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What's the deal with Zelda: Tears of the Kingdom's gacha machines?

Fun encapsulated.

I've been spending more time with my nephew recently and, at age five, it's been exciting to see him start getting into video games. It's also been something of an education, to be honest, on the kinds of games available to him, as well as the sorts of things he's drawn towards. He plays on a tablet, and it may not shock you to hear that a lot of the games he's keen to try - and that get advertised to him - have some pretty dodgy-looking monetisation mechanics. Slot machines, chance-based mechanics, loot boxes - there's a reason the tablet isn't hooked up to any kind of payment device.

The gacha machines in Zelda: Tears of the Kingdom are thankfully about as far away from all that as you can get, but their inclusion in the game still caught me a little off guard. Here, in this beautifully-crafted fantasy epic, was a nod to something very different. Of course, the Zelda series is no stranger to anachronistic distractions and mini-games within its ostensibly medieval setting, but this, initially at least, felt more of a surprise. This was Nintendo riffing on a much-criticised monetisation structure - or, looking at what my nephew wants to play, the entirety of the gameplay - of other games, with a knowing nod and a wink. And it's especially amusing to see Tears of the Kingdom include this following the launch of the gacha-powered Genshin Impact, which sparked more than a few comparisons with Breath of the Wild.

10 Things We Wish We Knew Before Starting The Legend of Zelda Tears of the KingdomWatch on YouTube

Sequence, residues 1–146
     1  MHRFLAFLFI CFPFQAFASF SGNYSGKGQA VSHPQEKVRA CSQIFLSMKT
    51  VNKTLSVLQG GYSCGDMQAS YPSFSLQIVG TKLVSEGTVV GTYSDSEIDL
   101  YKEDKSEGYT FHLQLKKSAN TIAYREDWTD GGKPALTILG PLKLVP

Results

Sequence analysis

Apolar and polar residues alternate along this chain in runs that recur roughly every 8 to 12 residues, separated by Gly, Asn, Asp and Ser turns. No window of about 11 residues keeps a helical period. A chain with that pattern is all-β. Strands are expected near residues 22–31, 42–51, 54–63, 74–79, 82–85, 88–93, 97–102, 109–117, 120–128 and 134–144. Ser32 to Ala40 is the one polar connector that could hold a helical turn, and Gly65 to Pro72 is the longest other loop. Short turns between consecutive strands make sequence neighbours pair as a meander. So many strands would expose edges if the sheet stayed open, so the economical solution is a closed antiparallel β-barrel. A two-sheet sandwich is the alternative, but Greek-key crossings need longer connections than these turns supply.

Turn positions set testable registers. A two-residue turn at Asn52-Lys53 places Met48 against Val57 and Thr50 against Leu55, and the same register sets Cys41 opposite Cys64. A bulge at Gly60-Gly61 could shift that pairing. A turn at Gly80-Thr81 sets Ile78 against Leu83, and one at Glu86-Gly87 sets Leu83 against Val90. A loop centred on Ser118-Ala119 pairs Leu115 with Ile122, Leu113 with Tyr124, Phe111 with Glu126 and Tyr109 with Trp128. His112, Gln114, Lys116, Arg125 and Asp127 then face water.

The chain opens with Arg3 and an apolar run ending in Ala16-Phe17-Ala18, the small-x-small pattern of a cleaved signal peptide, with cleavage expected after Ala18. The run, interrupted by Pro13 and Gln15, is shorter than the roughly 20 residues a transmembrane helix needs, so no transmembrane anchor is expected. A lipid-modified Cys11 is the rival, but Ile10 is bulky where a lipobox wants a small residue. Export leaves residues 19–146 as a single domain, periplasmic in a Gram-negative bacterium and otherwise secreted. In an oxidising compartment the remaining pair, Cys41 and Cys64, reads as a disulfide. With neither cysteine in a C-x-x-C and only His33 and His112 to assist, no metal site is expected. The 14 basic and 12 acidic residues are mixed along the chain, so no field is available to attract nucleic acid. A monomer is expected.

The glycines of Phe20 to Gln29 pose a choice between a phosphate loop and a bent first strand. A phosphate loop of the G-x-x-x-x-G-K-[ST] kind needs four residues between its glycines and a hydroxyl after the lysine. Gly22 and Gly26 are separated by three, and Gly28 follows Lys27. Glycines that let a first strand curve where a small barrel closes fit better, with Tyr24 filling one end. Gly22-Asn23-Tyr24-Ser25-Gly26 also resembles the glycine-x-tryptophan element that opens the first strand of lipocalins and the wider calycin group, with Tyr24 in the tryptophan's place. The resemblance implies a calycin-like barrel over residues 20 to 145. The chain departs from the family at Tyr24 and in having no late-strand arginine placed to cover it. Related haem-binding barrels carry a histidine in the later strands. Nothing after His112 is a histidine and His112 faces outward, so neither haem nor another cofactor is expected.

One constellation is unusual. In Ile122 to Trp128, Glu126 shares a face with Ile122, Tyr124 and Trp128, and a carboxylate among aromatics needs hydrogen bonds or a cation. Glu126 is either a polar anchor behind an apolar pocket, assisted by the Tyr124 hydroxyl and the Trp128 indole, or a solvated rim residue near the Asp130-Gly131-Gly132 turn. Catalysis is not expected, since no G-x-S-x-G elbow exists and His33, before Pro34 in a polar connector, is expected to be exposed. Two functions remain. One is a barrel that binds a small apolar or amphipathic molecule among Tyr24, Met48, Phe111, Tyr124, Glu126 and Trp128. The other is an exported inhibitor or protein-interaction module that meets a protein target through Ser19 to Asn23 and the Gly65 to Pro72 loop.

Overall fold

Is it a troll by Nintendo? Maybe. Is it some inspired meta-commentary about the advanced Zonai race discovering a love of gacha shortly before their societal collapse? Maybe not. Here in Tears of the Kingdom, I think ultimately this may just be - whisper it - some rather fun game design. These gacha machines gobble up the Zonai Charge items you get from certain enemies, then unleash a cascade of capsules that clatter out in reward. It's admittedly exciting to watch, especially when you're given a device labelled ??? that's brand new to you. These capsules hold Zonai device pieces - the ones you cobble together in Shrine puzzles or in the open world to create your wonky creations like carts, death rays and torture devices - and the whole process of building this stuff is made a lot easier by having a stock of Zonai parts already in your pocket.

Could this have worked as a straightforward item shop, operated by some Zonai storekeeper? Sure. But as a method to ensure players always have a stock of the more basic Zonai devices, it also allows the game to peek into your inventory (I suspect) and top you up on any you're running short on. Would you spend rupees on a cooking device? I probably wouldn't. But the other night, low on health and food in the wilderness, I was delighted to find I had received one from a recent gacha machine visit, ready to set down to craft a heart-filling dish. The system also allows the game to dole out more advanced devices as you progress further, as if they were waiting all along, buried further down the gacha machine's insides.

Putting materials in to watch the game spit out something fun in return - there are tendrils here to Zelda's cooking system itself, where Link dumps in a selection of ingredients and - when I'm playing anyway - rather hopes for the best. In fact, there are tendrils here to a lot of surprise elements in basic game design - the ? block in Mario! the Chance card in Monopoly! - entirely innocent of any app store ills. I'll give it a few years, perhaps, but playing Tears of the Kingdom with my nephew is still very much on the cards.

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